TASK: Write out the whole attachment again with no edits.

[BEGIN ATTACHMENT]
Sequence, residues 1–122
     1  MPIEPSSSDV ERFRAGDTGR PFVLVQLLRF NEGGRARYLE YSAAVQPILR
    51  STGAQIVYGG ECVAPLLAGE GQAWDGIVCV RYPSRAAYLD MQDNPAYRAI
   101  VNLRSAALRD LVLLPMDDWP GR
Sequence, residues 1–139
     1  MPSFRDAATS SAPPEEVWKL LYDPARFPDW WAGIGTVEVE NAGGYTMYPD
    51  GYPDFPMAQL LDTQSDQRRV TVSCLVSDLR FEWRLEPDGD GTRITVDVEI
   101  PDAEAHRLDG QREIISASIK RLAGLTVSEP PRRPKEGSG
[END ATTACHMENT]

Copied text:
Sequence, residues 1–122
     1  MPIEPSSSDV ERFRAGDTGR PFVLVQLLRF NEGGRARYLE YSAAVQPILR
    51  STGAQIVYGG ECVAPLLAGE GQAWDGIVCV RYPSRAAYLD MQDNPAYRAI
   101  VNLRSAALRD LVLLPMDDWP GR
Sequence, residues 1–139
     1  MPSFRDAATS SAPPEEVWKL LYDPARFPDW WAGIGTVEVE NAGGYTMYPD
    51  GYPDFPMAQL LDTQSDQRRV TVSCLVSDLR FEWRLEPDGD GTRITVDVEI
   101  PDAEAHRLDG QREIISASIK RLAGLTVSEP PRRPKEGSG